Mediating Conflict,
Embracing Peace

What does it take to make co-parenting work?

You divided your assets and debts, talked about and resolved issues of support, and now you only have one task left, which may be characterized as the most important one — your parenting plan and child custody agreement. The decisions you make now will affect how you deal not only with your children in the future, but also with your former spouse.

In the midst of a divorce, it’s often easy to focus on your feelings for your soon-to-be ex-spouse, and you might even find it tempting to say disparaging things about him or her to or in front of the children. This doesn’t serve anyone in the family now or in the future.

Instead, putting the focus on your children may help move past the emotional issues you may have so that you can negotiate an agreeable arrangement regarding the children. It may help to remember that just because you no longer work as a couple, that doesn’t mean that either of you is a bad parent.


You may have thought the first task would have involved living arrangements or something else, but finding a way to amicably communicate with the other parent often needs to come first since negotiations could easily falter otherwise. Once you agree on the “rules” for communicating, you can memorialize them in your parenting plan. You could even include ways to resolve any differences that will inevitably arise.

It may serve each of you to remember that not everything needs to result in a disagreement. Choose to argue about important issues and let little things go that don’t really matter in the long run. 

Custody arrangements

Now that you and the other parent can communicate, you can negotiate custody arrangements. First, each of you needs to be realistic about how your lives and work affect any time you intend to spend with the children. If you can’t adhere to the agreement, there’s no reason to make it in the first place. The following require consideration when deciding parenting time:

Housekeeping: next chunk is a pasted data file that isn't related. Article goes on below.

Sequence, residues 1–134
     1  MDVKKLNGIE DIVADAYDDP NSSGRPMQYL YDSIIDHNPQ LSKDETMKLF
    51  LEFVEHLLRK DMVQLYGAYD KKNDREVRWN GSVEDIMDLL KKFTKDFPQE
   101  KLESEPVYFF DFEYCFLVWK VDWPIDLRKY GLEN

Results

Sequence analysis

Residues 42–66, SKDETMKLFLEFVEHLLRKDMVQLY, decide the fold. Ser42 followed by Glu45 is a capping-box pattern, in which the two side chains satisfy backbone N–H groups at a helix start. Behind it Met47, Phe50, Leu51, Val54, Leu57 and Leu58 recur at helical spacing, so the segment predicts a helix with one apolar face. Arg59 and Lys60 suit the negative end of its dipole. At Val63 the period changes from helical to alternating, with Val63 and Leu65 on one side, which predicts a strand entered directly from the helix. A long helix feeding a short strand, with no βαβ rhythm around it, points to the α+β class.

• The school and extracurricular schedules of each child
  • The personality of each child
  • The age of each child
  • The social and business commitments of each parent
  • The need for childcare
  • Where each parent lives
  • The family schedule
  • The preferences of the children old enough to make a choice

Since every family is unique, other commitments may also require your consideration. In addition, holidays, vacations and school events require planning as well. The personality and age of each child often dictates the division of overnights in joint custody arrangements. As a general rule, the younger a child is, the more you should strive for overnights to be as even and routine as possible.

Revisit your final agreement once in a while

As time goes by and your children grow, your plan may need adjustments. There’s no way to account for every possible eventuality, so including a way to modify the parenting plan without having to return to court could prove useful. As long as the major components of the agreement don’t require a change (i.e., the amount of time each parent gets with the children), a Washington court may approve such a provision. Keep in mind, however, that certain changes or actions may require court approval.

Making sure your agreement will meet the court’s approval

Your agreement must comply with current laws and public policies. Involving a legal advocate who understands California’s current laws and stance on child custody and parenting plans and can advise you regarding protecting your rights and reaching an agreement that works for the whole family.